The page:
FIG. 12 shows the details an embodiment of the multi-channel align sync section of the receive block diagram. The multi-channel align sync process 1200 described in FIG. 12 identifies the absolute maximum value of each of the align sync cross-correlations 816a-d from each channel. In this example, the dominant channel is the one with the largest absolute maximum cross-correlation value, identified as a selected channel index 1222 after a max selection process. Another method can be used by taking the largest amplitude channel identified during the gain control process. This selected channel index is used in various selection processes for selecting the various types of data corresponding to that channel. The align sync cross-correlations 816a-816d of the four channels are each held in separate cross-correlation registers 1202a-1202d, respectively. In one embodiment these registers are 48 values in length over four channels and are processed through a function that calculates the absolute peak value of each channel at 1204a-1204d, after which the maximum of the values coming from 1204a-d is determined, resulting in 1222. A selection process 1206, such as a multiplexer switch uses the selected channel index 1222, and finds the maximum signal and passes it through a process 1220 that subsequently determines the 12 largest-magnitude contiguous values that define a particular symbol. Once this sequence is found, the indexing for these contiguous values is passed to selection process 1208, an equalization filter 1209, which takes the complex conjugates of the 12 contiguous values and normalizes them to determine the complex values of the equalization filter. This equalization filter is applied later to BB-filtered data for data recovery.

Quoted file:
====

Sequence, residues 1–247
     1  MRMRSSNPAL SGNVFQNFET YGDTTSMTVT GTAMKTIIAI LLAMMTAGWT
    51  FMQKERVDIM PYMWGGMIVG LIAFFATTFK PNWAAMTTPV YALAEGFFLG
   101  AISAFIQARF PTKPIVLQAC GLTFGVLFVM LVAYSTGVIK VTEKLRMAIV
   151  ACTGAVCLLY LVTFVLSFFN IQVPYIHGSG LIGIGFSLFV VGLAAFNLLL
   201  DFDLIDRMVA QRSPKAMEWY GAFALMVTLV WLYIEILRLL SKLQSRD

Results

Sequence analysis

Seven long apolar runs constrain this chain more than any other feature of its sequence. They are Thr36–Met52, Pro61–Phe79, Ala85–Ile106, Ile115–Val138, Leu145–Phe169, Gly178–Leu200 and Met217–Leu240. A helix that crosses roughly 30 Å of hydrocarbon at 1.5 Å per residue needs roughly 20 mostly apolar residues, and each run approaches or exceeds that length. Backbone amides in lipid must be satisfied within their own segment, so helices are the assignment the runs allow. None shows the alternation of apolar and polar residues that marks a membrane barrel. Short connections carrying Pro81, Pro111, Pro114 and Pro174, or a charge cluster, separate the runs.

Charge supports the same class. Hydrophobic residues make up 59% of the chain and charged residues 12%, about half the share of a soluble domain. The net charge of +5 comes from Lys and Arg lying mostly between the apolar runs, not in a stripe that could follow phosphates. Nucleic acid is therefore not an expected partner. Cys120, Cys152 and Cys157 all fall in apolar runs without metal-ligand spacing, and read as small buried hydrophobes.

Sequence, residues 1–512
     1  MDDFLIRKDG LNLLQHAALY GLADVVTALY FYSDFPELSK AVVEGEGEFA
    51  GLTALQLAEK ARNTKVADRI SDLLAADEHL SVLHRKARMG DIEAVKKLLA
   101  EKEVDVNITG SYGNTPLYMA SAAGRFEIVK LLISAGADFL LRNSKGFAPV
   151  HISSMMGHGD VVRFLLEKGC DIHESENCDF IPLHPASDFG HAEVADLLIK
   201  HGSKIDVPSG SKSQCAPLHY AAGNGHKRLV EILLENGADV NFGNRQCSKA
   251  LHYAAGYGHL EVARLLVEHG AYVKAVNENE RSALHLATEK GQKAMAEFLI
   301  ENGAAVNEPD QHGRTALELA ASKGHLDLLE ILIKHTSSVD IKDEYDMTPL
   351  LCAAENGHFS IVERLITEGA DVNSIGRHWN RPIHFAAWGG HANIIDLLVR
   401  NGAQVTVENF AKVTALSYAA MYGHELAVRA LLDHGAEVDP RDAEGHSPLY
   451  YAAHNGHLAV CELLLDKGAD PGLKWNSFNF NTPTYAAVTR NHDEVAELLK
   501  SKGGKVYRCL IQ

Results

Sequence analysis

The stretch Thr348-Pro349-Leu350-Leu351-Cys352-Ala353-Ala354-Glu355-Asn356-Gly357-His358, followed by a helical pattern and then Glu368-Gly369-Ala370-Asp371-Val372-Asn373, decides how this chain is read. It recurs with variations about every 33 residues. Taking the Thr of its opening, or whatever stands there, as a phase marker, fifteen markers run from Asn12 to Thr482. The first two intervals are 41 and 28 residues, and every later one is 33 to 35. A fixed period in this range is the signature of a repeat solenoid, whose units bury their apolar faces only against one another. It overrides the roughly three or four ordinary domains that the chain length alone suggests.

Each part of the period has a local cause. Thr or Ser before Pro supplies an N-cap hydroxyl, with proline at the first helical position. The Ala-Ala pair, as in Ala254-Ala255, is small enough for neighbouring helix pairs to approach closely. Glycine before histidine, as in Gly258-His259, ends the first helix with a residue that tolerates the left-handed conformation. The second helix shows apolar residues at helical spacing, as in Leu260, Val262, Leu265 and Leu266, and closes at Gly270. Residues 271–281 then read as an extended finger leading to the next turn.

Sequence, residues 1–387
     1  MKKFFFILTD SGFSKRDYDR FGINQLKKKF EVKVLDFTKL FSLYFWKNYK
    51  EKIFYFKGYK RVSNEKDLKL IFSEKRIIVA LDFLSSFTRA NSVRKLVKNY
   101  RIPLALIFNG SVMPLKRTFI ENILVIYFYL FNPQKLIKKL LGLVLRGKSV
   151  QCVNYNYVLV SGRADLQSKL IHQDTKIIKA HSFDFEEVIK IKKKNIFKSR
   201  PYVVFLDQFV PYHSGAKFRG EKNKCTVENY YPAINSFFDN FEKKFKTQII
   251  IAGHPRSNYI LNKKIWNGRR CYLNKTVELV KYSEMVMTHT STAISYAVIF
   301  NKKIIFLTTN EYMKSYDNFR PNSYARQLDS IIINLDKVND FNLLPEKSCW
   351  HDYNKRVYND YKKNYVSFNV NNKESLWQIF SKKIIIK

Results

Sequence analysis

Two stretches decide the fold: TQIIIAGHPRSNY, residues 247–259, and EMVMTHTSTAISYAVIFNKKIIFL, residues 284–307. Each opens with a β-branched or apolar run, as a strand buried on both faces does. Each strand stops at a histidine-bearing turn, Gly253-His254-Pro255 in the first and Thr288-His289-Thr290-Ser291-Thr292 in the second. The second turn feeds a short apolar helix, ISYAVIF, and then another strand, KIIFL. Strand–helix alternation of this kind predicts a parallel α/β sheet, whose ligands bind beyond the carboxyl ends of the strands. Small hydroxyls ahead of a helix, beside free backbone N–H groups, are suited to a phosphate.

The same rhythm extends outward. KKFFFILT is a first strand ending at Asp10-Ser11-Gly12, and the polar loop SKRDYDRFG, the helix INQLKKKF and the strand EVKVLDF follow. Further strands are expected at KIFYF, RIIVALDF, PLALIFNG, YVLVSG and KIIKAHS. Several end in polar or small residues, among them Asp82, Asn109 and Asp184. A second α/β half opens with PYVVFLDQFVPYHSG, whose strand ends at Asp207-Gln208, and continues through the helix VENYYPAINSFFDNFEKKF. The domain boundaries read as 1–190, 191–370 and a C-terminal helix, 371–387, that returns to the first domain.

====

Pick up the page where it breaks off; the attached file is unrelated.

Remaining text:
Channel block delays 814a-814d (See FIGS. 10 and 12) are passed through a selection multiplexer 1214 (using selected channel index 1222 or 740 in FIG. 7) and into a frequency correction process 1218. In one embodiment, frequency correction process 1218 takes the angle of the selected block delay in the complex plane, then multiplies that number by a constant to obtain a normalized frequency correction factor.